Search Engine Marketing

B) Another channel to gain traction is through “Search Engine Marketing.” This term refers to placing ads on search engines such as Google and Bing and because SEO is so broad it will be applicable to any startup. This whole SEM process works by finding high-potential keywords which leads to your website or business online. The page that a potential customer lands on is called a landing page, and this is one the most important pages on your website. Key SEM metrics to reflect upon are CTR and the CPC. CTR (Click-Through Rate) is the percentage of people who clicked on your ads compared to the amount of people who actually saw your ads. The CPC (Cost per Click) on the other hand is the amount it costs to buy a click on an advertisement. What this means is how much are you willing to pay to get a potential customer on your website.

www.ancestry.com

A good example of a company that used this method to generate traction is Inflection, this is the company behind Archives.com which was soon to be acquired by Ancestry. They spent over $100,000 a month and dedicated several employees to customer acquisition through this method. Obviously very early startups don’t have this type of resources, but Monahan’s input on SEO is that “even if you decide to send less than 5,000, do it, because you get to have an early base of customers and users and it will create a whole bunch of things that are important in terms of regular metrics.”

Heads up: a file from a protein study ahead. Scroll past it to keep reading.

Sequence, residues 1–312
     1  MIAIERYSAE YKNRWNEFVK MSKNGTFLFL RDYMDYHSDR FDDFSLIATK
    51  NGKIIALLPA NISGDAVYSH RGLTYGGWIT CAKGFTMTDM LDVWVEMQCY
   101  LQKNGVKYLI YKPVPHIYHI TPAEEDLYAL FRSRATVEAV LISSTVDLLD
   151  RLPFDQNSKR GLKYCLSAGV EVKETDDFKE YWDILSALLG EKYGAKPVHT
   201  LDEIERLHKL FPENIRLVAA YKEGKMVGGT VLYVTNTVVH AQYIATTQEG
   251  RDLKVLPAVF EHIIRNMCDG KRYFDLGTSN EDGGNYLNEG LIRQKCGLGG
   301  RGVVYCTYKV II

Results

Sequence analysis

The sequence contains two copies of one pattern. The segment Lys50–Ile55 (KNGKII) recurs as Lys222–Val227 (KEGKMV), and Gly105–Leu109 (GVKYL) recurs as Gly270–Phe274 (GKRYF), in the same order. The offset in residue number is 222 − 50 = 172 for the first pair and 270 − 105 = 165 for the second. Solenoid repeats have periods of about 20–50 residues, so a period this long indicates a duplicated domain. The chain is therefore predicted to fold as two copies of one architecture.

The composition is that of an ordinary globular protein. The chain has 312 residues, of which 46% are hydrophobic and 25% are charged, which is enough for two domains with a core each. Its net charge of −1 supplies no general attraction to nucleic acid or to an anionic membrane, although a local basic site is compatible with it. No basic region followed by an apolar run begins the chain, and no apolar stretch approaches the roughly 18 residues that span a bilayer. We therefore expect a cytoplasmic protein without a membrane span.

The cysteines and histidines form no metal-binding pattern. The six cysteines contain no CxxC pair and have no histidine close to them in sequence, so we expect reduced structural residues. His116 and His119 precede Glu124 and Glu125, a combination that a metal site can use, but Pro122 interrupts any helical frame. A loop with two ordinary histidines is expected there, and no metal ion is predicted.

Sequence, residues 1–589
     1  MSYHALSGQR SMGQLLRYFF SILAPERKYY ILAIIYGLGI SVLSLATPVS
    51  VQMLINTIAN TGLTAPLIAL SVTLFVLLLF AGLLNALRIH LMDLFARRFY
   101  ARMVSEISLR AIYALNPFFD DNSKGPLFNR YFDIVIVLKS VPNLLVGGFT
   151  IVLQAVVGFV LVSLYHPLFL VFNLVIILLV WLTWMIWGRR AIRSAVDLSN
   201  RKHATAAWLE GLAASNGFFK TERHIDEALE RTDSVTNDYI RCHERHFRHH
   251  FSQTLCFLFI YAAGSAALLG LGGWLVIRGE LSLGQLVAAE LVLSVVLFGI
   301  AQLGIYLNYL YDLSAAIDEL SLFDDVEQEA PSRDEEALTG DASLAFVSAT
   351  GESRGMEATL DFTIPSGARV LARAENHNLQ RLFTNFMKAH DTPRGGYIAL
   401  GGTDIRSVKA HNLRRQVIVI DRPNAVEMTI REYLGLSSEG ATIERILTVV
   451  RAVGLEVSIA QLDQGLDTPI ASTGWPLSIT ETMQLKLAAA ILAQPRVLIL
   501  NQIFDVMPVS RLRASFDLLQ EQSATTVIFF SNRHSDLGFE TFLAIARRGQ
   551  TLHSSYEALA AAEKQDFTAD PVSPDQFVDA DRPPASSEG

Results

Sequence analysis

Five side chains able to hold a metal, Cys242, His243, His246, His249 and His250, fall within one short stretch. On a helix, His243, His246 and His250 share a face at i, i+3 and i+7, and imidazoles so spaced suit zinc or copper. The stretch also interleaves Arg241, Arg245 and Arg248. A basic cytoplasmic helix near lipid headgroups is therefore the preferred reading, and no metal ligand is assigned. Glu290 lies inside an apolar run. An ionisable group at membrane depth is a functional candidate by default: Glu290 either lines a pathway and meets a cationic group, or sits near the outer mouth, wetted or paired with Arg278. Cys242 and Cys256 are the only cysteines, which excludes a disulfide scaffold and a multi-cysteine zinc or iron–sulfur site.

The harsh reality is that majority of startups fail, and investors know that, that’s why traction is very important to them and making sure there is a market for that product or service. A MVP (Minimum Viable Product is a great way to see whether or not a business opportunity exists and ensures your long run potential. There are many ways to gain traction and I have showed many examples of it from successful startups who have all taken very different routes. Ensure there is a product market fit and traction will follow. The more traction you have, the greater the chance to catch an eye of an investor and finding external investment. “Almost every failed startup has a product. What failed startups don’t have are enough customers”- Gabriel Weinberg (CEO/Founder of DuckDuckGo)